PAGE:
In the past year, malicious hackers have taken hostage databases of information from hospitals, police departments, public transit and libraries. This trend will continue, cyber security experts warn, and in 2017, attackers are now turning their sights on consumers.
“It is a billion dollar business,” said Darren Guccione, CEO of Keeper Security. “No one is safe.”
The crime is called ransomware. Cyber criminals send malicious software – disguised to look like a legitimate email or web link – to trick undcknowing consumers to click it. Once that happens, the attackers are able to lock up the device and encrypt its files until they receive payment.
Think of it as a modern-day digital ransom note. Up until now, computers were the hostage of choice, experts said.
“This is the first time I’ve seen this kind of malware on a television,” said Darren Cauthon, a software programmer.
On Christmas Day, Cauthon said a family member downloaded an app for free movies on her smart television. Within an hour, Cauthon said the TV froze and flashed a message from the FBI demanding a $500 payment.
“(The TV) could not be used for any other function, and there was no way around it,” said Cauthon.
He posted the predicament to Twitter and received an overwhelming response. Cauthon said the television manufacturer, LG Electronics, and its engineers were able to help unlock it by walking him through a factory reset of the Android-based TV.
“Data security and consumer privacy are top priorities at LG,” said LG spokesman John Taylor. “This particular model is one of a few LG TV’s from three or four years ago using the Google TV Smart TV platform. This appears to be a Google issue, not an LG issue.”
A Google spokesman did not address our request for comment on Cauthon’s experience.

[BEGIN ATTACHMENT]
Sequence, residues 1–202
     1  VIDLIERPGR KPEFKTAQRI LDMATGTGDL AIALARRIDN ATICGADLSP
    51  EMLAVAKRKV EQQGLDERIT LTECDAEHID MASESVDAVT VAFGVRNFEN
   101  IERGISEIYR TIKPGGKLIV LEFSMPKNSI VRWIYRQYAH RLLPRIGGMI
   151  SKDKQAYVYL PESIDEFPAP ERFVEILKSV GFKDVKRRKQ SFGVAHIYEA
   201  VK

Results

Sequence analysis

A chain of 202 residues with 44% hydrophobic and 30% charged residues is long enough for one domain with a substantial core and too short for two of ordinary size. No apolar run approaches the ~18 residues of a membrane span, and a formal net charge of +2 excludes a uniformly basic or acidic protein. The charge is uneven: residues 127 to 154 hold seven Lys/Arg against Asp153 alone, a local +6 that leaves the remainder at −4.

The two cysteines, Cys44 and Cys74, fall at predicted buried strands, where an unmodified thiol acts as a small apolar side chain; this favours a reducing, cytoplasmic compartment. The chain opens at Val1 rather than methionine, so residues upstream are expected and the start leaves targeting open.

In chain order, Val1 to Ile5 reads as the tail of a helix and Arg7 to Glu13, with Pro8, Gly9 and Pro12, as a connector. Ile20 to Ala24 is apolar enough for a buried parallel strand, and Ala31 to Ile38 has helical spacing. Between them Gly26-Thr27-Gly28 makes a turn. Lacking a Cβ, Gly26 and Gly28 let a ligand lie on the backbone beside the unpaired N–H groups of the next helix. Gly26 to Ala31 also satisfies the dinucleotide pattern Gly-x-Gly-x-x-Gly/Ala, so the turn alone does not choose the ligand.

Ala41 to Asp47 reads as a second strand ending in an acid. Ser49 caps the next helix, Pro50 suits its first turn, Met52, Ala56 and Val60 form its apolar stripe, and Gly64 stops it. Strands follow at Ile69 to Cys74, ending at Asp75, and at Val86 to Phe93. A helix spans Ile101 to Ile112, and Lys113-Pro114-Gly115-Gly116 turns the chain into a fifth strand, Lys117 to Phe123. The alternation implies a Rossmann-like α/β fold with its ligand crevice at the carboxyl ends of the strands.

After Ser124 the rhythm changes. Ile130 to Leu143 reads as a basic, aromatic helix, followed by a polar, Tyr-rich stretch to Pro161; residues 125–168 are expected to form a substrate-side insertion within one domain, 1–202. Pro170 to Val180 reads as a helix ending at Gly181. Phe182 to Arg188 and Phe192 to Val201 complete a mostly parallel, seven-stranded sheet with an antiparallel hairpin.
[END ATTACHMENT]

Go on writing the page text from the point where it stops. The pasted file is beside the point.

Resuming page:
“Ransomware is now mainstream,” Guccione said. “Our homes on average have ten Internet-connected items in them today. Whether it’s an alarm system, an automation system, a camera, a doorbell, a smart TV, a smart refrigerator…these objects are all endpoints and can be infiltrated with this type of malicious code.”
Guccione and other experts said ransomware is now more readily accessible to purchase in a pre-packaged format on the dark web, which makes it easier for inexperienced cyber criminals to carry out an attack.
Washington, D.C. Police disclosed that hackers planted ransomware in 70 percent of recorders for surveillance cameras, just days before President Donald Trump’s inauguration. The attack forced officials to temporarily take the devices office.
In late January, the Cockrell Hill Police Department in suburban Dallas sent a press release stating a ransomware attack on its server resulted in the loss of years-worth of evidence. The department did not pay the ransom.
“It is unknown at this time how many total digital copies of documents were lost, as it is also unknown how many videos or photographs that could have assisted newer cases will not be available, although the number of affected prosecutions should remain relatively small,” the release stated.
Last February, the Hollywood Presbyterian Medical Center paid $17,000 to hackers who took over its systems.
The Midlothian Police Department confirmed it paid hackers $600 to save data on an infected computer in February 2015.
The FBI does not encourage paying a ransom because it does not guarantee an organization will regain access to data.
In order to thwart an attack, the FBI and cyber security analysts said consumers should back up data to a secure source and get anti-virus software.
For smart televisions and computers, experts also recommend consumers should keep their operating systems current and install updates when prompted.
“You just have to be proactive and vigilant and self-aware of what you’re clicking on. Things have changed now. The game is completely different and chances are it could happen to you,” Guccione said.